INTERNATIONAL LOAN EXHIBITION IN FALL 2013 TO EXPLORE INFLUENCE OF FLEMISH PAINTING ON ITALIAN RENAISSANCE
Rogier van der Weyden (Flemish, ca. 1400–1464). Left: Madonna and Child (ca. 1460). Huntington Library, Art Collections, and Botanical Gardens. Right: Portrait of Philippe de Croÿ (ca. 1460). The Koninklijk Museum voor Schone Kunsten, Antwerp.
Sept. 14, 2012
SAN MARINO, Calif.—The Huntington Library, Art Collections, and Botanical Gardens announced today it is organizing “Face to Face: Flanders, Florence, and Renaissance Painting,” an exhibition of about 30 paintings and about 10 illuminated manuscripts drawn from The Huntington’s collections and those of several other institutions in the United States and Europe. The exhibition will be presented exclusively at The Huntington in the MaryLou and George Boone Gallery, Sept. 28, 2013, through Jan. 13, 2014.
While many exhibitions have shed light on the beauty of Flemish 15th-century painting, and even more have celebrated the glory of Italian Renaissance painting, this will be the first in the United States to explore how Flemish painting helped make the innovative, sophisticated, and beautiful works of the Italian Renaissance possible. Masterworks by artists such as Jan van Eyck, Hans Memling, Pietro Perugino, and Domenico Ghirlandaio will be brought together to show the results of artistic contact between the two creative centers in Flanders (located in present day Belgium, France, and the Netherlands) and Florence.
“The Huntington houses several masterpieces of Renaissance painting,” said Kevin Salatino, Hannah and Russel Kully Director of the Art Collections at The Huntington. “It’s time they were displayed in a larger context like this—helping to shed light on the cultural, economic, and artistic links between these two profoundly important artistic centers in the second half of the 15th-century. We’re very excited to be able to organize this exhibition for Los Angeles audiences.”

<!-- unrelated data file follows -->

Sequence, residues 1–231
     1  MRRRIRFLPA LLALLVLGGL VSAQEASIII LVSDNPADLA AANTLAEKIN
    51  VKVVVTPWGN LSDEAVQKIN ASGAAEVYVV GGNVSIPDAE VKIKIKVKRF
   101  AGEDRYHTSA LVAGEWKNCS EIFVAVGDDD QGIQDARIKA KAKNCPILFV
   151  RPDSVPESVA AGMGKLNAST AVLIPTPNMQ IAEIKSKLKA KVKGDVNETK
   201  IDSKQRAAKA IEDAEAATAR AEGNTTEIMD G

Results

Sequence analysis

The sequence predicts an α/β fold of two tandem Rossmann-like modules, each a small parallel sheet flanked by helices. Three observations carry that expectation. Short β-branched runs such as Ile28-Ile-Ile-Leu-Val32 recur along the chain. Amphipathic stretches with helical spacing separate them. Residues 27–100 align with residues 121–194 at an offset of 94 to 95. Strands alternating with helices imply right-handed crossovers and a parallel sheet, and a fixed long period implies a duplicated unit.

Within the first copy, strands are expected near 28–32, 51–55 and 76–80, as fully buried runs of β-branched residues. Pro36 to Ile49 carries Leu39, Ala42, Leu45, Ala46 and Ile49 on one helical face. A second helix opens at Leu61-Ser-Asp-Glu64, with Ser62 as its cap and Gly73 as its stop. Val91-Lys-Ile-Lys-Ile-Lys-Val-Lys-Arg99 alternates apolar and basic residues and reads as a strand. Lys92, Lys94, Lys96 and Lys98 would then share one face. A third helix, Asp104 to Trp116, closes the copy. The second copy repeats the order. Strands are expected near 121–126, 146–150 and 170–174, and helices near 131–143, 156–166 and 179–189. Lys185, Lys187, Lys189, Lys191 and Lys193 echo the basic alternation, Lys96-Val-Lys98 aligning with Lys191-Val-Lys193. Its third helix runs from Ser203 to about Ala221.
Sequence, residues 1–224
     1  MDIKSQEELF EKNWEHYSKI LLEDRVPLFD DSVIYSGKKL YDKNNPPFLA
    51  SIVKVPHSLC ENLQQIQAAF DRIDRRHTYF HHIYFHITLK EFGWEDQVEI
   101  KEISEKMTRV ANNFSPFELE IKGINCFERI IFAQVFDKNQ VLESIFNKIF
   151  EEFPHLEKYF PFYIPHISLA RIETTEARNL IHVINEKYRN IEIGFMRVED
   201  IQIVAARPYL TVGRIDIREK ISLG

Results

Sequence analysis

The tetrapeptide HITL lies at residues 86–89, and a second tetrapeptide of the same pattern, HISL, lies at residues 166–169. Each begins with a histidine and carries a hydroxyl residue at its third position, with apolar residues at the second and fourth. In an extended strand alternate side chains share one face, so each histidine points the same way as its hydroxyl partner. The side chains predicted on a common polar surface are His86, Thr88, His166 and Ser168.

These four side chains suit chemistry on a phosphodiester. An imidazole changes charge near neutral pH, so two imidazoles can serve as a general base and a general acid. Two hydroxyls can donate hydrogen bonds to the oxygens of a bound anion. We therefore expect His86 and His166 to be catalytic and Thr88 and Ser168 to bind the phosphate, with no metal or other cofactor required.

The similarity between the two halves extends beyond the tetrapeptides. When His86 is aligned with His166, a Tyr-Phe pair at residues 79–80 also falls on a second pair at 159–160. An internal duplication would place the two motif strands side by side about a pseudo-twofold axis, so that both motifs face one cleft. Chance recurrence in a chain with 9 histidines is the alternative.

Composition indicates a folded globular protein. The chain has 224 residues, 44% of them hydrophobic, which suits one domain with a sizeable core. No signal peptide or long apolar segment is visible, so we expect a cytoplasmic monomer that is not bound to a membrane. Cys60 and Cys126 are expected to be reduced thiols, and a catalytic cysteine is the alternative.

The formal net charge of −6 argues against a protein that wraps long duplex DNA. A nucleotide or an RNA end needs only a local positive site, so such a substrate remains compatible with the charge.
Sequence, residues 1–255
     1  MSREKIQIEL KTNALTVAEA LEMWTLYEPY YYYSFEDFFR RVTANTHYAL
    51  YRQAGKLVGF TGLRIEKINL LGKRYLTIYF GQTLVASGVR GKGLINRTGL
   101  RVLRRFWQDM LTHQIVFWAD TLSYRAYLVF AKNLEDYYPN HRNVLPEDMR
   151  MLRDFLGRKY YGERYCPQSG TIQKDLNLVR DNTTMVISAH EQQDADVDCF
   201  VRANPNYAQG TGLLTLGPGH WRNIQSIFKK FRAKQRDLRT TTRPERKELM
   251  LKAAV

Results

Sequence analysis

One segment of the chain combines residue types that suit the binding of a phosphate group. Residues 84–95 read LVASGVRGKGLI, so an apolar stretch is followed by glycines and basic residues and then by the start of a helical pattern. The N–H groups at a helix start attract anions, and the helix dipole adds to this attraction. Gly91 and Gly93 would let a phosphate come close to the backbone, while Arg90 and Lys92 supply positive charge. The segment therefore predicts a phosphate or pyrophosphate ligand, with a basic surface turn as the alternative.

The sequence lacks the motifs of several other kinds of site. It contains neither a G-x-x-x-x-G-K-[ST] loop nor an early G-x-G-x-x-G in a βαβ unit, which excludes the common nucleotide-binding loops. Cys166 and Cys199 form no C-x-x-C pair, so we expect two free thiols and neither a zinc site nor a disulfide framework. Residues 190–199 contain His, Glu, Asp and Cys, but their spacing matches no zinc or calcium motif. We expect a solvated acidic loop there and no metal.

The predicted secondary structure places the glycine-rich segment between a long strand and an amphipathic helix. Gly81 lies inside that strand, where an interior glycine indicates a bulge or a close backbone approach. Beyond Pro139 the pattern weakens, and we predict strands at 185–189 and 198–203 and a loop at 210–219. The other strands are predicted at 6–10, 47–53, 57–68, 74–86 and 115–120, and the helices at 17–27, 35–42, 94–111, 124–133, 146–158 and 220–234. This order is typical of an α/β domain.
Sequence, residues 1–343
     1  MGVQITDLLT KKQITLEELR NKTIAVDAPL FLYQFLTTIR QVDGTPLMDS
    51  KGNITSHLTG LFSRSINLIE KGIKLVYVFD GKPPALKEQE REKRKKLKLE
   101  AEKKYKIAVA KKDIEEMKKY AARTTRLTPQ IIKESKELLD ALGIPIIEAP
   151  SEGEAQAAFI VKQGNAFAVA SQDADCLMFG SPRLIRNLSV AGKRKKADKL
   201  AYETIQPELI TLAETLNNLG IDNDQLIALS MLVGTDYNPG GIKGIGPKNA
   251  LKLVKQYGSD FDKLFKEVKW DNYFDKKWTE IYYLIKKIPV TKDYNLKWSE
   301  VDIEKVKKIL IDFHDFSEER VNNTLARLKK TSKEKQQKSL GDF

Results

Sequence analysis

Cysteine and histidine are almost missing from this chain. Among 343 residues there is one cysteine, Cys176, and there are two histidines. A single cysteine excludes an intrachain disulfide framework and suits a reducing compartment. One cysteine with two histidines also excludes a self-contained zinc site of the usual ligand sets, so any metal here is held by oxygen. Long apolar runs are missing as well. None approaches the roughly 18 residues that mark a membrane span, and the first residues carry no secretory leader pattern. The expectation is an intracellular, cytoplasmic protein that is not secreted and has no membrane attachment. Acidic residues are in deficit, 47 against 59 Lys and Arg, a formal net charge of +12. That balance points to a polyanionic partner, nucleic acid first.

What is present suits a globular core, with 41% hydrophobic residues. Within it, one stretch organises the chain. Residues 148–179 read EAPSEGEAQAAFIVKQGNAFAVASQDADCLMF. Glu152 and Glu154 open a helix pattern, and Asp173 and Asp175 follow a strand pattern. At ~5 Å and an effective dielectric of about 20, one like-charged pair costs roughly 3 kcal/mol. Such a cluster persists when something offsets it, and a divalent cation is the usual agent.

“Face to Face” will mark the first time viewers in the Los Angeles area will be able to see The Huntington’s acclaimed Madonna and Child (ca. 1460) by Flemish painter Rogier van der Weyden (ca. 1400–1464) with its companion diptych panel. Portrait of Philippe de Croÿ, on loan from the Koninklijk Museum voor Schone Kunsten, Antwerp, was originally the right half of a two-panel painting hinged to open and close like a book—a common format at the time that enabled the works to stand open on a table or altar. The paintings have been shown together publicly only three times since 1927: in London, Washington, D.C., and Leuven, Belgium.
The Huntington’s Portrait of a Man and Portrait of a Woman (ca. 1490) by Domenico Ghirlandaio (Italian, 1449–1494) also will be highlighted in the exhibition.
“Face to Face” is co-curated by Catherine Hess, chief curator of European art at The Huntington, and Paula Nuttall, author of From Flanders to Florence: The Impact of Netherlandish Painting, 1400–1500 (2004, Yale University Press), the only English-language monograph on the subject. Nuttall’s book reproduces many of the paintings that will be on view.
Bringing together works from Galleria degli Uffizi, Florence; the National Gallery of Ireland, Dublin; and the Museum of Fine Arts, Boston, among others, “Face to Face” will juxtapose Flemish and Italian works in thematic groupings, exploring the form of the diptych, the depiction of the face of Christ, the evolution of portraiture, elements of landscape painting, and the virtuosic rendering of forms and textures.
In the late Middle Ages, Flanders was a wealthy country, ruled by the dukes of Burgundy. The combination of its affluence and the artistic inclinations of its rulers led to the flourishing of art and culture there. Florence also had a prosperous mercantile economy and was an important cultural center in the 15th-century. And, since the late Middle Ages, a colony of Florentine merchants and bankers had settled in Flanders to facilitate trade and promote banking. Through these commercial connections, Flemish painting became known in Florence, where it was celebrated for its emotional intensity and awe-inspiring realism. Even Michelangelo is recorded as saying that the painting of Flanders “will cause [the devout] to shed many tears” and “in Flanders they paint with a view to deceiving the eye.” By the end of the 15th-century, the lessons learned from Flemish painting had enriched and transformed the art of Florence.
“It’s positively thrilling to have this opportunity to bring recent scholarly research to the public in the form of an exhibition,” said Hess. “We are only now beginning to realize the full impact Netherlandish artists had on artists in Florence, and this display—grouping a top quality set of gorgeous examples in one space—really helps underscore that fact.”
[EDITOR’S NOTE: High-resolution digital images available on request for publicity use.]
CONTACTS: Thea M. Page, 626-405-2260, firstname.lastname@example.org
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About The Huntington
The Huntington Library, Art Collections, and Botanical Gardens is a collections-based research and educational institution serving scholars and the general public. More information about The Huntington can be found online at huntington.org.
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